Archaeologists find ancient necropolis in Egypt

Archaeologists find ancient necropolis in Egypt
A picture taken on September 9, 2017 shows Egyptian labourers and archaeologists unearthing mummies at a newly-uncovered ancient tomb for a goldsmith dedicated to the ancient Egyptian god Amun, in the Draa Abul Naga necropolis. (AFP)
Updated 24 February 2018

Archaeologists find ancient necropolis in Egypt

Archaeologists find ancient necropolis in Egypt

TUNA AL-GABAL, Egypt: Egypt’s Antiquities Ministry has announced the discovery of an ancient necropolis near the Nile Valley city of Minya, south of Cairo.
The ministry said Saturday that the large cemetery is located north of Tuna Al-Gabal area, a vast archaeological site on the edge of the western desert. It includes several burial shafts and hosts more than 1,000 statues and some 40 sarcophagi as well as other artifacts.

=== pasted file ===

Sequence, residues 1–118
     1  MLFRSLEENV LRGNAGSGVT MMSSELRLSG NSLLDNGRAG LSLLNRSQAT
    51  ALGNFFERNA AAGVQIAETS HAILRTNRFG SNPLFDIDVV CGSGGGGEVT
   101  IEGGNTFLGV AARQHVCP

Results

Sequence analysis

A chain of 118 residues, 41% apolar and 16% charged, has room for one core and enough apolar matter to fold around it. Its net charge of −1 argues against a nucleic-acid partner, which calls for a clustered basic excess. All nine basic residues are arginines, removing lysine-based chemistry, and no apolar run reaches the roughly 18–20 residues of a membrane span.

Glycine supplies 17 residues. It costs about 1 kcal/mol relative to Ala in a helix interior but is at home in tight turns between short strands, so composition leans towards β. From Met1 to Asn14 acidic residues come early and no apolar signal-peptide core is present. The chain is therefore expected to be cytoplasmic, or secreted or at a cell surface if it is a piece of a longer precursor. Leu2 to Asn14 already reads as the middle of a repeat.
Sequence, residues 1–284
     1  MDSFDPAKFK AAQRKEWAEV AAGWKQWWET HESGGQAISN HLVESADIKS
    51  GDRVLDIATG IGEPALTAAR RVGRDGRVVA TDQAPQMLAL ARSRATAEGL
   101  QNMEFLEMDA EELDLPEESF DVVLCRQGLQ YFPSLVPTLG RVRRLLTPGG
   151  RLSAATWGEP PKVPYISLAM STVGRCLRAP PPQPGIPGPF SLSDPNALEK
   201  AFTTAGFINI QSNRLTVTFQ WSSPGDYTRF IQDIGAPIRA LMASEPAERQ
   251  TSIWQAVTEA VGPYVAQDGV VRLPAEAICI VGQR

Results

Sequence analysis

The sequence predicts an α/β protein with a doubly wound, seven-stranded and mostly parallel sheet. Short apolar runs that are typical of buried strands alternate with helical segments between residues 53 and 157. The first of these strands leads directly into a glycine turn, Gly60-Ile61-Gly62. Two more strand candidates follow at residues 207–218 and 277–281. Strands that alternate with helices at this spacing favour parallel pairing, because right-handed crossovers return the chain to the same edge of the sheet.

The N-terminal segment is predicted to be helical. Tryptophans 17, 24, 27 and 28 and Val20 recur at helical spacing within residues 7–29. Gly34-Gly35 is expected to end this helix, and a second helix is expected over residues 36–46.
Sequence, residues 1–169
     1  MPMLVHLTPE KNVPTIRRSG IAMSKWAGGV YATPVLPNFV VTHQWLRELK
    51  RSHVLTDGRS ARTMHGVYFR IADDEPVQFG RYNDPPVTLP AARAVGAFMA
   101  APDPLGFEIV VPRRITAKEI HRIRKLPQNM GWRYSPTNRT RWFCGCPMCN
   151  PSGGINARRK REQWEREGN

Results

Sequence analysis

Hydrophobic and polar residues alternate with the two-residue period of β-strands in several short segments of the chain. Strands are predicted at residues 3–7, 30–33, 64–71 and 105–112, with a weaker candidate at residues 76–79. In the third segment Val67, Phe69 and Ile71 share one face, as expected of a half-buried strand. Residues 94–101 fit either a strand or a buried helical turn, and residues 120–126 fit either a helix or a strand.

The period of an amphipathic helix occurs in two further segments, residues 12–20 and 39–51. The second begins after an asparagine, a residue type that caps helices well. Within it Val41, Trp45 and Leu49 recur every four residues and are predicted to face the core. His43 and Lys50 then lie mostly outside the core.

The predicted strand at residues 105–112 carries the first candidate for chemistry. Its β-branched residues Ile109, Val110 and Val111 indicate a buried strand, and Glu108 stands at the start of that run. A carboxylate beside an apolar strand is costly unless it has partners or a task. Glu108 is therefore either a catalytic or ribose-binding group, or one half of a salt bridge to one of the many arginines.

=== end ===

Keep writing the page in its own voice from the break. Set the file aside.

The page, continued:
Antiquities Minister Khaled Al-Anani said the necropolis is host to members of different families and is believed to date back to the pharaonic Late Period and the Ptolemaic era.
“We will need at least five years to work on the necropolis,” he said. “This is only the beginning of a new discovery.”
Excavation work in the area started late 2017.


Two winners announced as US university celebrates Arab art with Khayrallah Prize

Cover of Rula Jurdi Abisaab’s Arabic novel, “In a Box of Light.” Supplied
Cover of Rula Jurdi Abisaab’s Arabic novel, “In a Box of Light.” Supplied
Updated 22 min 55 sec ago

Two winners announced as US university celebrates Arab art with Khayrallah Prize

Cover of Rula Jurdi Abisaab’s Arabic novel, “In a Box of Light.” Supplied